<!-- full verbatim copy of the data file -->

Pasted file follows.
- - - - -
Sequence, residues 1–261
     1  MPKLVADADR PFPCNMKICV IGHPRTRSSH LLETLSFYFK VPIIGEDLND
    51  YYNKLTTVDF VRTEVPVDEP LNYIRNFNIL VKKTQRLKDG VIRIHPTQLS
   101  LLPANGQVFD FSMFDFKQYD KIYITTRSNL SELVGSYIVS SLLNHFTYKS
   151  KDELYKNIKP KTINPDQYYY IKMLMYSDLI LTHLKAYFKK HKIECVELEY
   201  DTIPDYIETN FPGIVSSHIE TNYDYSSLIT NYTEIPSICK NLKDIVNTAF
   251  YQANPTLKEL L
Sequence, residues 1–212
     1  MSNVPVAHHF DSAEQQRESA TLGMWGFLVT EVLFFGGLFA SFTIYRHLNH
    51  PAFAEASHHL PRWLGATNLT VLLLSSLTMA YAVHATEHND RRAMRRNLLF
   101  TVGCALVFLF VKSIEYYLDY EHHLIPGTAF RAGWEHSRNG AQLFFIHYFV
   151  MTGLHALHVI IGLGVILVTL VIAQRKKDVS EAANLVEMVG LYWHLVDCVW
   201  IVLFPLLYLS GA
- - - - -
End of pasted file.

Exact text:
Sequence, residues 1–261
     1  MPKLVADADR PFPCNMKICV IGHPRTRSSH LLETLSFYFK VPIIGEDLND
    51  YYNKLTTVDF VRTEVPVDEP LNYIRNFNIL VKKTQRLKDG VIRIHPTQLS
   101  LLPANGQVFD FSMFDFKQYD KIYITTRSNL SELVGSYIVS SLLNHFTYKS
   151  KDELYKNIKP KTINPDQYYY IKMLMYSDLI LTHLKAYFKK HKIECVELEY
   201  DTIPDYIETN FPGIVSSHIE TNYDYSSLIT NYTEIPSICK NLKDIVNTAF
   251  YQANPTLKEL L
Sequence, residues 1–212
     1  MSNVPVAHHF DSAEQQRESA TLGMWGFLVT EVLFFGGLFA SFTIYRHLNH
    51  PAFAEASHHL PRWLGATNLT VLLLSSLTMA YAVHATEHND RRAMRRNLLF
   101  TVGCALVFLF VKSIEYYLDY EHHLIPGTAF RAGWEHSRNG AQLFFIHYFV
   151  MTGLHALHVI IGLGVILVTL VIAQRKKDVS EAANLVEMVG LYWHLVDCVW
   201  IVLFPLLYLS GA